segunda-feira, 25 de fevereiro de 2013
First pen is a US SWAN made at the final production of that factory. What it is unusual is that the barrel's imprint says: SWAN VICHY PEN and under this imprint there are another one saying PDG ( wich means in French: President Directeur General the corresponding in US to the CEO ). The other unusual detail is the fact that this pen it is not a lever filler as usual but a button filler ! Can we conclude that it was an export Swan pen made on the beginning of the war and exported to France ?
After I post this pen and my comments I received this email
from George Kovalenko who of course is right in all the comments he did:
The carat mark on the Swan pen may be hiding under the section,
but I don't think it is a for the French market. I think it is a "Capacity"
pen, not "Vichy", and "PDG" may stand for "Pending", as in "Other
Patents Pending". Earlier the pen was a spiral-twist-rod piston filler,
patent no. 1,518,548, but David Moak's book, p.177, says it was later
made as a button filler, possibly Carman's patent no. 2,003,479.
After reading this I did laugh until tears rolled down my face !!!! And let me tell you that I was tempted to remove all the text I wrote when I posted the pen. It was a ridiculous text and
a shame for any collector. Anyway and after thinking a little I decided to left the original text with the considerations because :
1 - the goal of my blog it is not " I there , look to pens I have "
but a blog to discuss some pens of my collection : their
complexity, used raw materials, design, colors, filling systems and so on.
2 - as the name says it is a blog for fun and for that reason not a perfect blog.
3 - finally it is an example how a a fast and not well fundamented approach ( even seeming correct ) can be a disaster and very shameful . So this was a lesson to myself and in the future I will be more cautious
If you think you know everything , bear in your mind that you don't.
Keep away your hubris , be modest and try to listen and discuss in a modest way the opinions of the other collectors.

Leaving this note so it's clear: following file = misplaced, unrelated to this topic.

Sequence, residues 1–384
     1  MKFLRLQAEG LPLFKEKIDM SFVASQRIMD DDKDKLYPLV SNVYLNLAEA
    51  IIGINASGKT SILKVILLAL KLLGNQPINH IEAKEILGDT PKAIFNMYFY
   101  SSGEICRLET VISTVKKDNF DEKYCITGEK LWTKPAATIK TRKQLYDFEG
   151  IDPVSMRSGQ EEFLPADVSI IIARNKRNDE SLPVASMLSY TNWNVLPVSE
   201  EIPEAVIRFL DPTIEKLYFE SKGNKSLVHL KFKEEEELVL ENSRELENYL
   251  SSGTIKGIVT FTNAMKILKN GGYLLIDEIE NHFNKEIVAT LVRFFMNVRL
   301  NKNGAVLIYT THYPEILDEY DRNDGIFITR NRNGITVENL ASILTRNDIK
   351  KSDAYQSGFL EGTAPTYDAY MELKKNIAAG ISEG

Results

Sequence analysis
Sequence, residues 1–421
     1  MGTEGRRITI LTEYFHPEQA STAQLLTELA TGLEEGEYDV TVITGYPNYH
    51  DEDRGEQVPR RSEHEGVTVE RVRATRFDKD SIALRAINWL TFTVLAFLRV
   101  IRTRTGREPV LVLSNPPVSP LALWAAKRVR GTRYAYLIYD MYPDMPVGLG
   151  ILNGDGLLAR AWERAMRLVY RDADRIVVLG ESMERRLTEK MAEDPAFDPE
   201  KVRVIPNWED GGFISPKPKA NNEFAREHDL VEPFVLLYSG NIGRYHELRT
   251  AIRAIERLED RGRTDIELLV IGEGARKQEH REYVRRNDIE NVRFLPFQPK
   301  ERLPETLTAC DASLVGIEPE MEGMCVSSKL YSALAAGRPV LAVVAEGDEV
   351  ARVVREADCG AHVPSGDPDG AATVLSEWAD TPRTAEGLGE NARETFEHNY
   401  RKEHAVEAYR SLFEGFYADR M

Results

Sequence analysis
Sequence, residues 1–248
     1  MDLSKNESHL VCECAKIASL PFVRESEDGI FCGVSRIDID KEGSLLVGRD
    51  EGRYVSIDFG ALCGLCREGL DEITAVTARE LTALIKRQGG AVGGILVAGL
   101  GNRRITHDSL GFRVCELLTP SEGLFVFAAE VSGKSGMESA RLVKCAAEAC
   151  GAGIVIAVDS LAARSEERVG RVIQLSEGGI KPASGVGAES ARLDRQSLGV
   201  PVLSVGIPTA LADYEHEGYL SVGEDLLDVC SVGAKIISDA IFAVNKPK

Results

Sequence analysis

Try to fundament your opinions even when you think that it is not necessary because everything is to obvious ( the presented case it is a nice example ! )
The imprint is faint but you can read it all on the various pics
Two Eternal Swan pens, in scarlet color and nice condition ( NOS ) .
A mottled olive hard rubber clipless SWAN lever filler pen
sábado, 9 de fevereiro de 2013
The Edward Todd & Co. begun its activity manufacturing nibs and pencil leads. The company was founded in 1871 by Edward Todd Sr. In New York city after he bought a company called Kurtz & Monaghan.
Edward Todd was later on, cofounder of the well known Mabie , Todd & Company ( 1860-1868 ).
Edward Todd Jr. son of the company founder sued his father and his partner ( Mabie ) on the 30th of October 1897 in order to obtain the “volunteers” dissolution of the company .
Edward Todd Sr. died three years later wich means that the Edward Todd pen models made on the beginning of the XX century until 1930 were made under the direction of the company by Edward Todd Jr. after the rupture with Mabie in 1897.
This pen is made in red hard rubber , with engraved vertical lines a lever filler system, with 10,8 cm lenght when closed and probably produced during the 20s .
Photos are a courtesy of Carlos Sanches Álamo from whom I bought this pen and the text was translated from the text he publishd in “ Castelhano language “ .
Today the 7th of April 2013 I received this email from my friend and fountain pen collector Thierry Nguyen to whom I wish to thank for his collaboration :
As a regular reader of Pentrace, I miss your Sunday postings, so this morning I decided to visit your blog, to see if you are still posting there.
Once again, I discovered many wonderful pens from your collection and interesting articles.
As you know, my main interest is for French pens and, of course, Mabie Todd Swan. That's why I was even more interested in The Reddy Todd #4 pen article.
However, there is some confusion about the history of the company and specially about the father against son court case.
As you correctly wrote, although it should not be "later on" but "earlier on", "Edward Todd was later on, cofounder of the well known Mabie, Todd & Company" and he remained a partner there from 1860 to 1868, when he left the Mabie Todd company.
So in 1897, when Edward Todd Jr. sued his partners in the Edward Todd company, the other partner beside his father was not "(Mabie)", as you state in your article, but a certain Charles S. Freer.
At that date it had been nearly 30 years that Edward Todd had not been in business with the Mabie Todd company!
I know it's only a small detail in history, but I think there has been enough confusion during many years between the two companies that we should do our best to avoid to add some more.
I look forward to read many more articles from you and see more pens from your fantastic collection.